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To Drill or Not to Drill?


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I was wondering what you guys do when trying out your guitars (before finishing). Do you avoid drilling holes to make finishing/painting easier or do you go ahead and drill everything before finishing? I have heard that the holes will make it difficult to deal with when painting and using the nitrocellulose.

The holes that I am considering drilling are for the strap, the string retainer, and a few other misc. holes.

If the answer is to not drill now, what are the odds of me drilling after finishing and chipping the paint off with the drill bit (will the bit tend to tear a chunk out)?

Thanks,

Dave

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Always drill and route everything first.. test everything to make sure it fits properly.. then paint the guitar.. I made a big time mistake when I had a premade Neck and was going to use new tuners that I never checked to see if they fit.. I just dumbly thought, "all the tuners are the same size.." WRONG.. so I painted the headstock and had a great finish on it.. but guess what... when I tried to install the tuners they wouldn't fit into the predrilled holes.. so I had to drill it out to 10mm... and I chipped the paint on 3 of those... Yes, a very hard lesson... I had to sand it down and restart.. cost me about 2 days of extra work... Moral to the long story.. lol.. Is that you always prefit everything first to see if you have everything drilled, cut, routed, etc.. properly before you even think about finishing... actually the word Finish_ing should help you remember.. since it actually tells you what is does.. it's the Finishing of the guitar.. meaning the last step..

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i heard the only holes ur supposed to pre drill are the tuner holes, and the routed cavities (obviously), but the other stuff, like the volume and tone pot holes, strap holes, pickguard, bridge wholes (strat hardtail) etc... are all supposed to be drilled after finishing, and use a downward spiral bit so u don't chip the finish.

But that's just what i heard.

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Strap button holes, the holes for tuner anti-rotation screws and other small diameter holes can safely be drilled after finishing, though there is no real advantage. Everything else should be completed before finishing, doing otherwise risks chipping your finish, a real bitch if you've sprayed coloured laquer, or anything which doesn't spot fill seamlessly.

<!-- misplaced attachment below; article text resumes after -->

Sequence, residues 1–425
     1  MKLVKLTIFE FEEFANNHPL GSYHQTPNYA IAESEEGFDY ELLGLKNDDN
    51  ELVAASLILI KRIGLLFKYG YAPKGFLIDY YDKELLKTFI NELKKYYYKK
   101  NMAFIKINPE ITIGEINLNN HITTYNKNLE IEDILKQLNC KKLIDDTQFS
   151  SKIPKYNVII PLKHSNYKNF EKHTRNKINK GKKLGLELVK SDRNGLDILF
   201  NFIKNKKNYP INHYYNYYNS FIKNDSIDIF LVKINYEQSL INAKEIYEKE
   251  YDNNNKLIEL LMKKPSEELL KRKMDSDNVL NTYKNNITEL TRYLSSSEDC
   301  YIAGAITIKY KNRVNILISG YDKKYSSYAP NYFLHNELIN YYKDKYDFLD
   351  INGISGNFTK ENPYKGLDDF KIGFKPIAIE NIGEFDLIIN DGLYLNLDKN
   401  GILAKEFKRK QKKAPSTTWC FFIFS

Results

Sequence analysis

I wouldn't consider drilling holes for pots after finishing - that's really asking for a prominent chip out on the most visible surface of your guitar!

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I guess I wasn't clear on my question. I was really looking for how to handle the holes that are NOT critical to the operation of the guitar such as the strap holes, string retainer, ... The holes such as the tuners, and cavities are not things I would imagine going without testing first.

Here's one more related question:

When I paint and clear coat the guitar, what is the likelyhood of me creating problems with the drill bit? What I mean by that is - if I go to re-drill the holes for something like the string retainer, will I have to be surgeon-like with the drill to not take out a chunk of the finish or is it fairly easy to drill after the guitar is finished? I don't mean slipping, I'm just talking about the drill bit chewing into some finish and not cleanly removing it.

Does the paint and clear completely cover the holes or can you still stick a drill bit right in there and just clear a little out? I'm also a little confused by how the wood filler/putty works (I saw the Erlewine video but he skipped the part where he actually paints over it). In case you can't tell, I've never painted / finished a guitar before.

Thanks for the opinions, and information I'm getting a little nervous about finishing this thing I have been pouring my soul into. I want to try to avoid making mistakes that I could have prevented if I only asked the right questions - ya know?

Dave

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I've been told to drill most of the holes before finishing. this way you will be able to cover any mistakes up. if you take the drill to work on a finished body and suddenly realize that you ****ed something up, you're not gonna be able to cover it up completely.

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